House freshmen face tough decision on raising the debt limit

After a Republican retreat Saturday, Speaker John Boehner (R-Ohio) blamed the debt on Democrats and the Obama administration saying "President Obama and Congressional Democrats have been on a job-destroying spending spree that has left us with nothing but historic unemployment and the most debt in U.S. history."

While Boehner has said the debt ceiling must be raised, he's also insisting on pairing the bill with a package of spending cuts. 

Lawmakers are facing a vote in several weeks to raise the government's borrowing limit of $14.3 trillion. Without the increase the U.S. could lose its credit rating and send financial markets into a downward spiral. In the past, the vote hasn't met with much resistance.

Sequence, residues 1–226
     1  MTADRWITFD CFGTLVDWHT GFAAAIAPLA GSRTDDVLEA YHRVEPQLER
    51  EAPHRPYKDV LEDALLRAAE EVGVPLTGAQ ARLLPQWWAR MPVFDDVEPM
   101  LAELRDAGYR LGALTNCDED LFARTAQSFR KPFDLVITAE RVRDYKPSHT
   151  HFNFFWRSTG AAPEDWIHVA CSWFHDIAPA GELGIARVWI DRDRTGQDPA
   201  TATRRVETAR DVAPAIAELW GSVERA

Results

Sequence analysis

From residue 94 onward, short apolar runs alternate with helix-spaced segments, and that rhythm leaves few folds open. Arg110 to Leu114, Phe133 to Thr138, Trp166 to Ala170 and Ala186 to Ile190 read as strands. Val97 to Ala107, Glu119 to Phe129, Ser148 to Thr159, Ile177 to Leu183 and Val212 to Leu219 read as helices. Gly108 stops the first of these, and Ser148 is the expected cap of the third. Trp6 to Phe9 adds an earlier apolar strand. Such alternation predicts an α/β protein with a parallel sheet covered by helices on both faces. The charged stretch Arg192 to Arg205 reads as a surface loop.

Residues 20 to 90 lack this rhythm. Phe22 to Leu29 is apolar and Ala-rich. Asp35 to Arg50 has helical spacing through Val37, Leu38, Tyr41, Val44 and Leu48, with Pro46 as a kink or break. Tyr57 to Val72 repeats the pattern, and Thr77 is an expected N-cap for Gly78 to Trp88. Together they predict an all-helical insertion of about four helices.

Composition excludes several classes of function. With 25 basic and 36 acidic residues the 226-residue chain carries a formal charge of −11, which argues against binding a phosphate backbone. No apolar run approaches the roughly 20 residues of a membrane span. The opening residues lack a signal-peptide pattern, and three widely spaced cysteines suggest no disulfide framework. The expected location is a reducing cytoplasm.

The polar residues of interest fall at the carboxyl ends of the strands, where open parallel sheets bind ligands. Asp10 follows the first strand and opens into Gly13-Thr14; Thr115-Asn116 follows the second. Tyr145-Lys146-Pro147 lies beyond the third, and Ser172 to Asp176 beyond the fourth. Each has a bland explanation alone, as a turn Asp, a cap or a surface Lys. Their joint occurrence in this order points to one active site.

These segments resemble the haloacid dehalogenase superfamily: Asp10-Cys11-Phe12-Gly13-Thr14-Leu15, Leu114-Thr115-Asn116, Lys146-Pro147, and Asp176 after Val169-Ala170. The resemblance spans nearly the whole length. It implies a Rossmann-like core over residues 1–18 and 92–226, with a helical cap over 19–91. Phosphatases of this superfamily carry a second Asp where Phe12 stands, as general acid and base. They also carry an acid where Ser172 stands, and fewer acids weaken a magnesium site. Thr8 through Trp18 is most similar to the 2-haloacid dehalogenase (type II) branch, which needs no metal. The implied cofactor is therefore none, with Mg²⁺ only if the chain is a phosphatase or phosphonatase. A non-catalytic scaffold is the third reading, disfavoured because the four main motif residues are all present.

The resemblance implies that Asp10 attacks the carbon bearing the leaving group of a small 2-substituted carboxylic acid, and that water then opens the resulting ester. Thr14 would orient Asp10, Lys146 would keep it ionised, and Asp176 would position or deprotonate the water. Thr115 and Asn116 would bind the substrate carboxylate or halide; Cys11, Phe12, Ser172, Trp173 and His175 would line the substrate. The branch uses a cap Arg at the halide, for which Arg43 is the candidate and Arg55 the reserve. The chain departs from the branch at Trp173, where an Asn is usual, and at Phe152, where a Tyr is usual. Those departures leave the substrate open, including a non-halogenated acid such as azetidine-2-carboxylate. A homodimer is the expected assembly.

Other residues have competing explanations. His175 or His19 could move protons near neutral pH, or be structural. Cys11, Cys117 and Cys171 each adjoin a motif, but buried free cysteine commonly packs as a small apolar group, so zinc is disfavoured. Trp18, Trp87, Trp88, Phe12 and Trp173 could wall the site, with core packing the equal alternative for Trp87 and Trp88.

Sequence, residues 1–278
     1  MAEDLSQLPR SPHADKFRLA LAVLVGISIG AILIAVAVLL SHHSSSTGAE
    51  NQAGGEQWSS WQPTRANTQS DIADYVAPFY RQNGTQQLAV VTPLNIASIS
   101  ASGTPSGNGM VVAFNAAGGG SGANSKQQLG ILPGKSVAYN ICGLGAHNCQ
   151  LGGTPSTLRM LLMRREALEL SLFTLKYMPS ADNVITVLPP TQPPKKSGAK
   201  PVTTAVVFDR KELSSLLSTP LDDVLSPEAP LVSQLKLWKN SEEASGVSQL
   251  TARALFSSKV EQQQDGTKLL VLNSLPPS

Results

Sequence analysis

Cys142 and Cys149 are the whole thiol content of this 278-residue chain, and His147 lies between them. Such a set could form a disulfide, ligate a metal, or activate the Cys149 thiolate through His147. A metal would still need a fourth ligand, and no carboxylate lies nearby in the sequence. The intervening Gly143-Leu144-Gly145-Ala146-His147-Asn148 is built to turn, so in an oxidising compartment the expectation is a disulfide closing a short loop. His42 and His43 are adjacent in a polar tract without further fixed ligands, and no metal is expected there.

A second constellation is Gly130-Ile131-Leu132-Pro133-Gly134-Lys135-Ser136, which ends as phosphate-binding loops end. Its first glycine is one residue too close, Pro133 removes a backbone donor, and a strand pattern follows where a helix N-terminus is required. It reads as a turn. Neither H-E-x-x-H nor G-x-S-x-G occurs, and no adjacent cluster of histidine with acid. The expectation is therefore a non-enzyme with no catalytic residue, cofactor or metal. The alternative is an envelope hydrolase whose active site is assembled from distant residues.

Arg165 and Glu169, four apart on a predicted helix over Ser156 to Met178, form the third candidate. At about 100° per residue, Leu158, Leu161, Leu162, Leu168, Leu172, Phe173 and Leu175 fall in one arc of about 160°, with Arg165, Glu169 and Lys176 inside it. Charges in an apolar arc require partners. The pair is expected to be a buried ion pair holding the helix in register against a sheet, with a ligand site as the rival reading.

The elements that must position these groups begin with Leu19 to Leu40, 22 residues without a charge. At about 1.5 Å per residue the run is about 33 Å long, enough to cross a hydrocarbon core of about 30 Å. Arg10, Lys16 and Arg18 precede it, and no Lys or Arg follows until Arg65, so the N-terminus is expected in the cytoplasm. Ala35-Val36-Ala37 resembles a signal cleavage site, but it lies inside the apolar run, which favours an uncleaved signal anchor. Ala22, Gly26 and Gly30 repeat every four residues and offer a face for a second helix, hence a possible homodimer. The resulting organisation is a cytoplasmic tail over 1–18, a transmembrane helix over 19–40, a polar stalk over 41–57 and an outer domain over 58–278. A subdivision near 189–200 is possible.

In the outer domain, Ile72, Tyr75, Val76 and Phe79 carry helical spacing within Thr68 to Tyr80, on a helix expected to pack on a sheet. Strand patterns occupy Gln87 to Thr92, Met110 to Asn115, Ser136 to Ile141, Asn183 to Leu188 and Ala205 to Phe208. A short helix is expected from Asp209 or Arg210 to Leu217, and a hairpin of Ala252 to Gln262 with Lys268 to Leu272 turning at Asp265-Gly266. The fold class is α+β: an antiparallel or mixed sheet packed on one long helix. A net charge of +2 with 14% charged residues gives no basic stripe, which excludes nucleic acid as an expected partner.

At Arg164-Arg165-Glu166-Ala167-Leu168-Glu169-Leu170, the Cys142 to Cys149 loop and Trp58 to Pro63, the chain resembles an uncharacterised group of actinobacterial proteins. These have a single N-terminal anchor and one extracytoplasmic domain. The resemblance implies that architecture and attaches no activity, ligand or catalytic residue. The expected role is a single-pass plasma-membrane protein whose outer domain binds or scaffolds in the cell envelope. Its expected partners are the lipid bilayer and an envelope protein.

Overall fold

Meanwhile, House Republicans are falling behind in their aggressive schedule and aren't likely to consider major spending-cut bill until later in February or early March, closer to the March 4 expiration of the continuing resolution that is funding the government.

That could certainly complicate any potential deal on a combination of spending cuts and the debt limit, detracting from House Republicans' leverage and putting new House members in a tight spot between being forced to vote for raising the debt limit without an agreement. 

"For someone like myself, how do you conscientiously look at our kids and our grandkids and say, I voted to continue to bury you in more debt instead of beginning the process that slows down and reverses the crazy spending that the Democrats have brought us over the last couple of years?" he said.

Lawmakers have until March 4 to figure out a way forward on a continuing resolution to keep the government running. The current resolution keeps spending at 2010 levels. 

Schweikert said Senate Democrats need to work with House Republicans to determine "systematic changes." 

"Let's start the path to some fiscal sanity," he said.